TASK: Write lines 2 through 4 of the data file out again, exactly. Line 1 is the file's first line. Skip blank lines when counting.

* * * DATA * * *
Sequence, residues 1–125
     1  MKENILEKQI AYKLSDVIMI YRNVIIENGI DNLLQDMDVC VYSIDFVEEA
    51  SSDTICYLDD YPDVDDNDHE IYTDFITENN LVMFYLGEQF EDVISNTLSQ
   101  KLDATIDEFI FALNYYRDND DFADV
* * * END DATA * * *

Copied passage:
     1  MKENILEKQI AYKLSDVIMI YRNVIIENGI DNLLQDMDVC VYSIDFVEEA
    51  SSDTICYLDD YPDVDDNDHE IYTDFITENN LVMFYLGEQF EDVISNTLSQ
   101  KLDATIDEFI FALNYYRDND DFADV